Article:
Dry January and February are long gone, and regardless of whether or not you took a challenge, many ask themselves if drinking contributes to their overall happiness. With the rise of heavy drinking and the efforts of governmental bodies to shed some light on the effects of alcohol on our health, an increasing number of people are cutting down, and a trend called “sober curious” is starting to emerge.
The term emerged a couple of years ago, when the number of teetotalers started to grow. As Laura Willoughby, founder of Club Soda, puts it, “After all, if you could buy a pill that would help you sleep better, lose weight, increase energy and improve productivity, then you would pay a lot for it. Reducing how much alcohol you drink does all of that and saves you money.” As people start to wonder if they need alcohol in their lives, and what impacts would decreasing alcohol have on their health, it’s important to realize that, just as heavy drinking, the sober curious movement exists on a spectrum: while some will categorically refuse to ingest even a single drop of alcohol, others may indulge with a drink or two every so often – and that’s fine.
Despite drinking still being very mainstream and accepted in all moments of life, the sober curious movement keeps growing and finds its roots in everyday people taking stock of their choices. Choices that affect their health, productivity, mood, relationships, finances, and much more. When thinking about all the things that are now being identified as unhealthy, alcohol couldn’t possibly be ignored.
However, as much as we know something is harmful, it doesn’t necessarily lead us to stop using it or cut down. Are we drinking because everybody else does? Or is it because we are so used to it that we can’t imagine a life without alcohol? Without a binary approach to drinking, this new kind of diet invites us to experience moments where we would usually drink alcohol, with a clear head and a mocktail instead. As most people who took a dry month challenge can testify, in addition to hangover-free mornings and a fuller bank account, they felt rejuvenated. Plus, not drinking allows for the restoration of healthy sleep patterns, which greatly impacts our overall health and mood, as Dr. Diane Rothon, Physician and Medical Director at ALAViDA, suggests.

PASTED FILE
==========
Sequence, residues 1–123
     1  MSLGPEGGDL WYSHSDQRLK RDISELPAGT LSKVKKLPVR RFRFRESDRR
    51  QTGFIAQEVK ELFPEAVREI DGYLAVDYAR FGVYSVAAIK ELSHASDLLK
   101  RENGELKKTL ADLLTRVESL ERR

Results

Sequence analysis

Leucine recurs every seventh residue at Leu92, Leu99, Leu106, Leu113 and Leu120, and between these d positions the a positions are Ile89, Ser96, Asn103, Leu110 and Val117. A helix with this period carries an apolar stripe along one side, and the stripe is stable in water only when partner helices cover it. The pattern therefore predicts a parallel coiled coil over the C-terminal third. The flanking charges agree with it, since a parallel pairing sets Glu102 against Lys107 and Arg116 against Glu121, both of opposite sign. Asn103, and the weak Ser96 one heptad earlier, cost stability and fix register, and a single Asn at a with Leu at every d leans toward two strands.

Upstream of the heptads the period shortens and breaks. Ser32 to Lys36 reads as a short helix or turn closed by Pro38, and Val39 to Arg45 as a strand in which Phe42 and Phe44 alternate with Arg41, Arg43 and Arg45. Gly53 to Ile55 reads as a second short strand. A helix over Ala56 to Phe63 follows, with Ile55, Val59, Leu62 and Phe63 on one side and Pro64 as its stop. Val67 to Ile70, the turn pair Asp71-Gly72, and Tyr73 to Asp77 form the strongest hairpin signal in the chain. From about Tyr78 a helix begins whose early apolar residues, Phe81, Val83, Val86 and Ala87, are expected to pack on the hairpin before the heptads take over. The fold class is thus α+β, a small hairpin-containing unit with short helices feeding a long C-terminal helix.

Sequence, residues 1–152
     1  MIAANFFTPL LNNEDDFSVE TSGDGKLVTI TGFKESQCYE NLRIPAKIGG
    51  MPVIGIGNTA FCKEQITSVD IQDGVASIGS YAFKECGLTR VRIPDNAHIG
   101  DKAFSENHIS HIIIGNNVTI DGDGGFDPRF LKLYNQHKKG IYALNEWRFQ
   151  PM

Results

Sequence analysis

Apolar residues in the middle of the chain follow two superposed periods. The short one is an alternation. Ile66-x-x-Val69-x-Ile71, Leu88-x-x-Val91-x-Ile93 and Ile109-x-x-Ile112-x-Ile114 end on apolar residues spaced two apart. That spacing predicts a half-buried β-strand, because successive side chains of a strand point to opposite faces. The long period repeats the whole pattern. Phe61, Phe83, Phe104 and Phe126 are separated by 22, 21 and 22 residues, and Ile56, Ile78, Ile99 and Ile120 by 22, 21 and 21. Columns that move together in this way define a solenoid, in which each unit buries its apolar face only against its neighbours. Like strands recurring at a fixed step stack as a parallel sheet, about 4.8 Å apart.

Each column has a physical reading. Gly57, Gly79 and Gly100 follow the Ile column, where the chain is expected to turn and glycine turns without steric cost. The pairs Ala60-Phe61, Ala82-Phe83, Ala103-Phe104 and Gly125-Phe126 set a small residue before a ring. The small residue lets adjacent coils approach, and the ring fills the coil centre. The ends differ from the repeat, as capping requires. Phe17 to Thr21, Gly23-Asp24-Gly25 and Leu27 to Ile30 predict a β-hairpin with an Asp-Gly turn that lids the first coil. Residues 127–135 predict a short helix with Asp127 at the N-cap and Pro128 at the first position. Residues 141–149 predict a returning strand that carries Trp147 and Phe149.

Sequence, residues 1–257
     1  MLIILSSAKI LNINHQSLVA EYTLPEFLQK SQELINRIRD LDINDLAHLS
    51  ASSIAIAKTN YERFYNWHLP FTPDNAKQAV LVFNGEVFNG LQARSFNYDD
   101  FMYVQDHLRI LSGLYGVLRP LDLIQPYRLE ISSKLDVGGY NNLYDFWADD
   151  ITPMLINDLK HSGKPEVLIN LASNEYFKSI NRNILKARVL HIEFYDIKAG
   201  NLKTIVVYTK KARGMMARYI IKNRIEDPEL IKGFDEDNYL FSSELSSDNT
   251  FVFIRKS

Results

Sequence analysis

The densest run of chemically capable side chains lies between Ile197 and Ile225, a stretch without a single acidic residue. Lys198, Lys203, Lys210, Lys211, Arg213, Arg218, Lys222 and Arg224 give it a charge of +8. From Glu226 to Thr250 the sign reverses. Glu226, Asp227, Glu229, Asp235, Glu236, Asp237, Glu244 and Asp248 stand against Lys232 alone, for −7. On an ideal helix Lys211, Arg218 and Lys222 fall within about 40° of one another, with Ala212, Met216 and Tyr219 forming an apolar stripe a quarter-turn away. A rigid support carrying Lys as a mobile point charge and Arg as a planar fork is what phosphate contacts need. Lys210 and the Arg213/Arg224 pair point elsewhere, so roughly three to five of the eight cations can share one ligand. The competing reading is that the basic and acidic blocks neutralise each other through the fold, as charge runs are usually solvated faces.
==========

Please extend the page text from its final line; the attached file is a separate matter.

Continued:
While being sober for a while seems manageable – even exciting to some – drinking is often used as a coping mechanism for those who struggle with depression, stress, anxiety and other mental issues. When the mood is this low, a seltzer, as fancy as it can be, isn’t likely to delight. Even so, Dr. Rothon stresses that “Most people think that they drink because they’re depressed. But in fact, they’re depressed because they drink.” Plus, alcohol has a numbing effect, which means that even if you think really hard about the potential causes of your problems, there’s little chance you’ll find the answer in a glass of whiskey. But, if you want to look at your life without the blurriness of drinking, swap the evening glass of wine for an alcohol-free drink. Then you’ll see that…
Despite the tremendous benefits of a life without alcohol, we know that a world where we all toast, network, party and unwind on kombucha is utopian. However, we have the power to shift behaviours in regards to alcohol; to go from binge-drinking to food and wine pairing, and from after-work beers to special-occasions drinks. In other words, if we want to drink, may it be in moderation, whether our reasons are positive – such as celebrating a wedding, or an accomplishment – or for relief – such as stress, boredom, anger, sadness or loneliness. Being curious is something we do all the time as a child, but we lose touch with, as we grow and life happens. The sober curious movement is still crawling. So give in to that curiosity you might have in the back of your mind, and next time you see yourself staring at the drink menu, help the sober curious in you grow by asking yourself “what if I drank less tonight?”
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Alavida is an outpatient treatment program that helps people to get back to a healthier relationship with alcohol, thanks to the combination of medication, therapy and technology. On our blog, you will find stories, testimonials, evidence-based information and useful tips on how to prevent and overcome heavy drinking, while sustaining a healthy body and mind.